A year after pulling together the best recruiting class in program history during the rankings era, the raw numbers don’t paint a pretty picture for 2023.
Not so far, anyway. Or at least not at first blush.
After picking up a commitment from offensive lineman Tyler “Bubba” Jeffries on Tuesday, Indiana has eight commits in its 2023 class. According to 247Sports, that’s five less 2023 commits than anyone else in the Big Ten.
Taken at face value, those are numbers that could send a seemingly always skeptical fan base into a panic.
Did a 2-10 season squash IU’s recruiting momentum? Has the name, image and likeness era relegated the program to the back of the line?
With early signing day still more than four months away, it’s too soon to draw any definitive conclusions about how IU’s 2023 class will turn out, let alone the factors that contributed to the outcome.
But one thing we can already safely assume is IU won’t close the commit gap with the rest of the Big Ten on a pure numbers basis. The Hoosiers simply don’t have the room on next year’s roster.
“It’s not going to be a big class,” head coach Tom Allen said on Tuesday morning in Bloomington. “So I think right where we are is kind of where we thought we would be. We got several positions where we’re taking one, and you want to be really, really selective with that process.
“It’s not going to be a big class. Because of that, the charge has been let’s be very deliberate, very slow with this, and let’s make sure we get the ones that we want for sure.”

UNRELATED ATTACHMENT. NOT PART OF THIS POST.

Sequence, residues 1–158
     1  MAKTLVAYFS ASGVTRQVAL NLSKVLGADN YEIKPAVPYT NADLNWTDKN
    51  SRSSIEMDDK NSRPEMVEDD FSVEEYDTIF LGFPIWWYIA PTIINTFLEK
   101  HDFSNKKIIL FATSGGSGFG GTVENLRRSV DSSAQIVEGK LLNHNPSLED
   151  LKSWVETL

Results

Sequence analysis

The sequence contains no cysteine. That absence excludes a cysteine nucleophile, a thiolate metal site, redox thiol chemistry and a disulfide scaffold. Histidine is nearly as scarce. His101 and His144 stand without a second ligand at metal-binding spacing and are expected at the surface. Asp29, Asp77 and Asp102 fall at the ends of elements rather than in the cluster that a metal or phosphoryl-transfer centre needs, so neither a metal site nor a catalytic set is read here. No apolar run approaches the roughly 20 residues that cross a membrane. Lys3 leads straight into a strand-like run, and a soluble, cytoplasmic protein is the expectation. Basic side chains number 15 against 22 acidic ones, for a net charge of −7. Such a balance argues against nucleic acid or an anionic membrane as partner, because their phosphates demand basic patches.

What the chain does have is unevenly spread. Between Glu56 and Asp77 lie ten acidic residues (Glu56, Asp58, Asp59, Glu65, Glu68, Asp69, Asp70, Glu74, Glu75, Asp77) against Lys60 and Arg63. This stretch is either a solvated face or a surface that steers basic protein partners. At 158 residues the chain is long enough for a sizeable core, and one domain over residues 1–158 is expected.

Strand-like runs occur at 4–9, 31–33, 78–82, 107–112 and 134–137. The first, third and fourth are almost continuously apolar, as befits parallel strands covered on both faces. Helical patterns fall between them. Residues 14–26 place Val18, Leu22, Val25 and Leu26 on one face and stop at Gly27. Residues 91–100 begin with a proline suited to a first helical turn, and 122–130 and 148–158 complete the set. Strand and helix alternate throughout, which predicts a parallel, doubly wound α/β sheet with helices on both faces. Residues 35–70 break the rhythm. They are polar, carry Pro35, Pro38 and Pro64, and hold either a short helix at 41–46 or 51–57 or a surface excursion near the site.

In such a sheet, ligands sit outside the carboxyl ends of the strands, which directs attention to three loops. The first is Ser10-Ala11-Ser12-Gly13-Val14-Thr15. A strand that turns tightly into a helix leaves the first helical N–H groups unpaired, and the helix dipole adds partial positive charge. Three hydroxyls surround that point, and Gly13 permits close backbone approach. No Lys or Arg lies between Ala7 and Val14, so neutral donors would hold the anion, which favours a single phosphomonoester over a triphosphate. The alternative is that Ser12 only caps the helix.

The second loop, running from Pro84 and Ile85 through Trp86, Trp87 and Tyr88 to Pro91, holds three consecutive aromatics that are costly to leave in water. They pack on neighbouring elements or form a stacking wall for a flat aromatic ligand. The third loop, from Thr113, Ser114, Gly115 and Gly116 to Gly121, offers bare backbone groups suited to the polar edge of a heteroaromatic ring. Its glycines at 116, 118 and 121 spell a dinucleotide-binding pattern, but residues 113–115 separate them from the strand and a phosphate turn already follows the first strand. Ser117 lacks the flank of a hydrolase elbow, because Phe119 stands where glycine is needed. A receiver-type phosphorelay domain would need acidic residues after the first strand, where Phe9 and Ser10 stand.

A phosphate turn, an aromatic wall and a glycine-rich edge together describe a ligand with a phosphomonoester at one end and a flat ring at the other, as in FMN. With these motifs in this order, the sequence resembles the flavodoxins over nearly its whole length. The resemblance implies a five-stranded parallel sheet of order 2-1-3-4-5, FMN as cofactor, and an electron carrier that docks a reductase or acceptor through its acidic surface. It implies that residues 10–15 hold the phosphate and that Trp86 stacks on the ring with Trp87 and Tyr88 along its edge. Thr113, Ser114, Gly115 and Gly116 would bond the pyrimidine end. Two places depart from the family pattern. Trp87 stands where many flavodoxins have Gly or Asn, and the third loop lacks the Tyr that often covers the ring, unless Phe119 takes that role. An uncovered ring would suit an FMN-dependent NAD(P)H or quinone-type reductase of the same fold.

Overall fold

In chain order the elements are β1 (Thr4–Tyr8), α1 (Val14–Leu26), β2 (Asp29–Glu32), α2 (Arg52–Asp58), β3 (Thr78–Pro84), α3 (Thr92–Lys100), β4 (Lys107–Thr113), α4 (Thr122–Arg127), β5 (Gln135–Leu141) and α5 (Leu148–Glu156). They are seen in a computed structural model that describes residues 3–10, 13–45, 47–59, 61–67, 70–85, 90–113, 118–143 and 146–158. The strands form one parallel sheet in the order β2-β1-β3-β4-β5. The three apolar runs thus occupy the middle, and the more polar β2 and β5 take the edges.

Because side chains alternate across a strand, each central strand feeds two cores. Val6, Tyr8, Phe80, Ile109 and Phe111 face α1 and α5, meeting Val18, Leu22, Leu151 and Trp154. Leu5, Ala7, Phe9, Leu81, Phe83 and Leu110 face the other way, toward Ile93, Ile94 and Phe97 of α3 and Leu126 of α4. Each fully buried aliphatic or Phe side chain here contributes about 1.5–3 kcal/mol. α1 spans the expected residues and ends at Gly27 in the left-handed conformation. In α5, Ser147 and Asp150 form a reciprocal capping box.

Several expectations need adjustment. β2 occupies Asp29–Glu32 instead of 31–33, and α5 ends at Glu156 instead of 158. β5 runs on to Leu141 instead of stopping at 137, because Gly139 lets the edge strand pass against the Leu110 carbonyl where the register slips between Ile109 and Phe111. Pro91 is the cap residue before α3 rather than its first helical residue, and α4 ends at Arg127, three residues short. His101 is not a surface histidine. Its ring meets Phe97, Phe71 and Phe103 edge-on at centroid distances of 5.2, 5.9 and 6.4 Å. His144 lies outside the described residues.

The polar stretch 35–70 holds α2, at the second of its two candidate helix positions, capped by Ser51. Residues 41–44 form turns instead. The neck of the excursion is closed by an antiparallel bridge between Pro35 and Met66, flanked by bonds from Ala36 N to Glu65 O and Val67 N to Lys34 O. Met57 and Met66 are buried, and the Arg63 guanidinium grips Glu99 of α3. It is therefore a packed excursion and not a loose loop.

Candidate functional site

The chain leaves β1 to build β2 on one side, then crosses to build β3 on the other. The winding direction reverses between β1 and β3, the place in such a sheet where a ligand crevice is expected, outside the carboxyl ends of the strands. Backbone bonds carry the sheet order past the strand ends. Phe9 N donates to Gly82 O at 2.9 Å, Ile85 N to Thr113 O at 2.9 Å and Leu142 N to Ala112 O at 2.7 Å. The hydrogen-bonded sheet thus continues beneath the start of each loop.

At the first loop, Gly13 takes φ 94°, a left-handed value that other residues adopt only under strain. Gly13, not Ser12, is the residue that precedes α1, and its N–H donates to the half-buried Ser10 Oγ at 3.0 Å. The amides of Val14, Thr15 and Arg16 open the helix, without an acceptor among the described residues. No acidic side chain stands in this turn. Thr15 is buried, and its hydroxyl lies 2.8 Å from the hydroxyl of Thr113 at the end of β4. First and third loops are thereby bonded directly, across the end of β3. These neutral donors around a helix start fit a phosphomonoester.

A quick check of the average player rating does back up what Allen is saying. When you look at a quality over quantity, IU’s current 2023 class takes on a different look.
While the 247 rankings say IU’s class is No. 67 in the nation and last in the Big Ten based on quantity, based on average player rating the Hoosiers have secured the eighth most talented group of players in the Big Ten thus far.
Allen says Indiana will only take about 12 to 15 commits in the 2023 class in total, or only about four to seven more than the group they’ve secured so far. That’s quit a bit different than the 22 IU signed in the 2022 class, not to mention the 13 they picked up from the transfer portal.
This year on their roster the Hoosiers only list 14 players who will have exhausted all of their college eligibility after this season. Every other team on the Big Ten already has at least 13 commits, so IU will continue to look like it has a relatively poor class from a pure quantity perspective — and that’s the primary driver of the headline numbers in the rankings.
Indiana’s average player rating is down year-over-year, from 87.77 in 2022 to their 86.70 thus far with the 2023 group. But that’s not nearly as significant of a margin as the drop from last year’s headline No. 25 class to their current No. 67 ranking. This year’s 86.70 average player ranking would have been good enough for a top-50 class a year ago based on the quality measure.
Allen intends to continue to focus on making sure the program gets it right on the small group they ultimately welcome to Bloomington next year.
“If you’re taking three or four (at a position) it’s one thing,” Allen said. “You’re taking one, that becomes really, really critical. So I know the way it’s evaluated and the way it’s graded is based on numbers, numbers, rewards, so it’s not going to be — just being very blunt with you, it’s probably not going to be what it’s been this last year numerically because of that variable right there.
“But that’s okay. We got a lot of positions where we got a lot of guys coming back. I think that the ones where you have the higher numbers, you can just do the math with the guys that will be graduating and those areas that have to be replaced.”
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